As relations between the United States and Russia remain at an especially weird level of passive aggression, films set against the backdrop of the Cold War are, all of a sudden, oh so topical again.
With a title winking at the world-ending dimension of that particular contretemps, Atomic Blonde (an adaptation of the 2012 graphic novel The Coldest City) arrives in theatres sporting an evocative period setting and delirious, ultra-stylish action. The solo directorial debut of John Wick's David Leitch, this is an ambitious, though largely incomprehensible, slice of adrenaline-laced cinema that survives on the talents of its star, Charlize Theron.
She plays British agent Lorraine Broughton, a gimlet-eyed intelligence operative dispatched to Berlin, as the Soviet state was breathing its last, following the murder of a colleague by the KGB and the loss of a valuable spy list. Allied with the MI6 station chief, David Percival (James McAvoy), she must recover the data and execute those behind the slaying of her compatriot. Relayed via flashback as she briefs her superiors (Toby Jones and John Goodman) on the details of the mission, Broughton – battered, bruised, devouring cigarettes – makes for a compelling narrator.
As with John Wick, Leitch (a former stuntman) unfurls a cacophony of brutal, yet beautiful, set pieces. From a technical standpoint, it is often an exhilarating vision. The relentlessness of the latter comes to the fore in a series of sequences that rely more on physicality than gun porn. Theron, channelling the glory of Mad Max: Fury Road, rather than the post-Oscar depths of Aeon Flux, seems the perfect totem for this mayhem. Tall and lithe, hidden beneath of mop of platinum hair, oozing an air of genuine menace, she scraps and brawls her way through a plot which is as light on exposition as it is heavy on intrigue.
Whether it's decimating German cops or culling goons in a beautifully staged hotel-based firefight, Broughton's lethal capabilities are stunning. One late scene involving Eddie Marsan's Stasi defector and a gang of Russian heavies is absolutely astonishing, captured in a single shot and taking in an elevator, a staircase, a cluttered apartment and, finally, a car chase.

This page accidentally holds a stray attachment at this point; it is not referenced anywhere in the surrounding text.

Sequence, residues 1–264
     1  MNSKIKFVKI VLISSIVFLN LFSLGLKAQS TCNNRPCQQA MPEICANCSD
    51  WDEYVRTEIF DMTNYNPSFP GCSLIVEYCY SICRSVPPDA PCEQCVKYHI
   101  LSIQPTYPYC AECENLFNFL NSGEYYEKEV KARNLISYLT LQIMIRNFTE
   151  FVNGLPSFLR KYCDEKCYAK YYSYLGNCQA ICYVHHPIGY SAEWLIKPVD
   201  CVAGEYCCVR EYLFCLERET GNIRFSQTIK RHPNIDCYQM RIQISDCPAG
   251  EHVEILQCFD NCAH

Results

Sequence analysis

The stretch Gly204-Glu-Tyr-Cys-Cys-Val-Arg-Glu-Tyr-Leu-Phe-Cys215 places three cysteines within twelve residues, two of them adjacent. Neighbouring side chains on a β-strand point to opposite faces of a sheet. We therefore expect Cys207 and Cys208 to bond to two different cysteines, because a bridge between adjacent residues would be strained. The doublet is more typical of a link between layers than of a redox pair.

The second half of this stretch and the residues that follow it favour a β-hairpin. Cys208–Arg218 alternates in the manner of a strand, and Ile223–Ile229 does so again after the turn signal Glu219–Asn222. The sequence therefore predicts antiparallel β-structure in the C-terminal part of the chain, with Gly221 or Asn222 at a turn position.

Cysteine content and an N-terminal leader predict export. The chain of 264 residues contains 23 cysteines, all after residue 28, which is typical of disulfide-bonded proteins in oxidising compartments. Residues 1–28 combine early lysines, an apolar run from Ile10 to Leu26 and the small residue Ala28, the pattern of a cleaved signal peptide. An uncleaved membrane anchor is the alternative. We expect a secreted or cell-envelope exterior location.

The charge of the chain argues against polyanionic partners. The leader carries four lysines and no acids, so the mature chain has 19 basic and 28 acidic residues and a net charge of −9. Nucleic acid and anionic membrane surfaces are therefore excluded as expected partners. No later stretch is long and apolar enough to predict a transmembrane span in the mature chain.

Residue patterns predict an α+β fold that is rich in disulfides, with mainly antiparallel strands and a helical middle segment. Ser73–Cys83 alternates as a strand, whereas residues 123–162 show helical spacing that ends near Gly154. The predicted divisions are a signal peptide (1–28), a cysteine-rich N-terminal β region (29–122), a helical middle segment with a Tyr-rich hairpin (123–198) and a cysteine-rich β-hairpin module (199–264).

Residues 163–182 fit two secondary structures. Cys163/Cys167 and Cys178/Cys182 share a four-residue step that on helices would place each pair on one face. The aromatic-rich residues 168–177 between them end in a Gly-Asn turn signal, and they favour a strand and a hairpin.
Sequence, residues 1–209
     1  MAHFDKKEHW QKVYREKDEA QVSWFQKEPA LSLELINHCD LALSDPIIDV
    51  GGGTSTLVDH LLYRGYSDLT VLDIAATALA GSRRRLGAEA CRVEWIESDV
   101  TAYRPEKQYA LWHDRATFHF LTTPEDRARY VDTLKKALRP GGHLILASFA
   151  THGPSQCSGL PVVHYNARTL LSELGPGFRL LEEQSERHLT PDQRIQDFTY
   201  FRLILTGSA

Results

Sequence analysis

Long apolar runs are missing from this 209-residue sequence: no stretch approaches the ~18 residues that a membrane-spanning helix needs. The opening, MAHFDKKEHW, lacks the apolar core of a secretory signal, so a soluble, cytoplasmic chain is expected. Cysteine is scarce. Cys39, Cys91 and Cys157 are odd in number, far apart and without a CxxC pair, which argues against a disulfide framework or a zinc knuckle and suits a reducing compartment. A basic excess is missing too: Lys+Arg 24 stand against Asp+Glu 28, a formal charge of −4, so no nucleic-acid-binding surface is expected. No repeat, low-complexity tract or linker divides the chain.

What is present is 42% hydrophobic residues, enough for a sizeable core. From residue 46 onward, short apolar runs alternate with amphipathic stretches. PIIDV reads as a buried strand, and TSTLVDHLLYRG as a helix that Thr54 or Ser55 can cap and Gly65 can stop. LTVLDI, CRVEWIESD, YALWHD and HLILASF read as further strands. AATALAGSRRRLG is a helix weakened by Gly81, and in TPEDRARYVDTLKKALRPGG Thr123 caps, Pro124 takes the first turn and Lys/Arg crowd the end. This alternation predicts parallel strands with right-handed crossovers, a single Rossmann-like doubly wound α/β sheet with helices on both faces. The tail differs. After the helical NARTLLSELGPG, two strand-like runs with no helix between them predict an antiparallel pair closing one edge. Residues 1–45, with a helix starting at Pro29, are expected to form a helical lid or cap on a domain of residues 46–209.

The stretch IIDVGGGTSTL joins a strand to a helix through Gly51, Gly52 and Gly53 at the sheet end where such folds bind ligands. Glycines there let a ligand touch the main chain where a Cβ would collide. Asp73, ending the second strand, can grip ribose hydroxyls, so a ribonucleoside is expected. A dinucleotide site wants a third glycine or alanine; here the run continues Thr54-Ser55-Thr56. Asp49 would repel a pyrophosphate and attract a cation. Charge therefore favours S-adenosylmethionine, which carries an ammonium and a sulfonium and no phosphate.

Leitch holds nothing in reserve, flinging Theron around with wild abandon, pitting her against male belligerents granting her no quarter. Indeed, it isn't long before one pities these men, assailed, as they are, by their opponent's penchant for fighting like a caged animal and turning, Jason Bourne-like, ordinary household items into deadly tools.
Its visual attributes are just as impressive. John Wick cinematographer Jonathan Sela brings the same palette to bear, all rich hues and neon lighting. Berlin serves as an wondrous backdrop, its gaudy post-modern suites, elegant cafés and subversive underground raves all dominated by that iconic wall, pockmarked, graffitied and ready to fall. A soundtrack replete with synth-heavy 80s pop gilds the experience.
From a narrative standpoint, however, the movie falls someway short of matching its visceral thrills. Leitch and screenwriter Kurt Johnstad are aiming to deliver a smart Euro thriller and while the picture does not lack intellect, its story is something of a mess, gratuitously deceptive and reliant on wintry chicanery, as well as the standard tropes of the genre: trust no one; watch your back; always look cool. That Broughton herself may be an unreliable messenger should feel more precarious than it actually does and even a final, inevitable twist fails to provide clarity.
Fortunately, the strength of the spectacle and Theron's kinetic performance are sufficient to overcome these distractions. Whatever its failings, Atomic Blonde packs a tremendous punch, its brawn, not brains, coming out on top.